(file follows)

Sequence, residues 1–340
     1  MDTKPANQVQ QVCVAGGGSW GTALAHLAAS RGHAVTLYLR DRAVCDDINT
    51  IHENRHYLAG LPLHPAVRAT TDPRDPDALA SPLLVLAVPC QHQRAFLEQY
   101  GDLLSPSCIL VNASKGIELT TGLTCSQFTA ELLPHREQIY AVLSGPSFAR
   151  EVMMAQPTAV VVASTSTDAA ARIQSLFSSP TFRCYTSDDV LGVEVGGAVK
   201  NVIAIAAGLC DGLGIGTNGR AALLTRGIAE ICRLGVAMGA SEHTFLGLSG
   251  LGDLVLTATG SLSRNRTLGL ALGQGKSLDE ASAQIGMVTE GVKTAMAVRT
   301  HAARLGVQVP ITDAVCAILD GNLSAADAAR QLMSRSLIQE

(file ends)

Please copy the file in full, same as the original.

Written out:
Sequence, residues 1–340
     1  MDTKPANQVQ QVCVAGGGSW GTALAHLAAS RGHAVTLYLR DRAVCDDINT
    51  IHENRHYLAG LPLHPAVRAT TDPRDPDALA SPLLVLAVPC QHQRAFLEQY
   101  GDLLSPSCIL VNASKGIELT TGLTCSQFTA ELLPHREQIY AVLSGPSFAR
   151  EVMMAQPTAV VVASTSTDAA ARIQSLFSSP TFRCYTSDDV LGVEVGGAVK
   201  NVIAIAAGLC DGLGIGTNGR AALLTRGIAE ICRLGVAMGA SEHTFLGLSG
   251  LGDLVLTATG SLSRNRTLGL ALGQGKSLDE ASAQIGMVTE GVKTAMAVRT
   301  HAARLGVQVP ITDAVCAILD GNLSAADAAR QLMSRSLIQE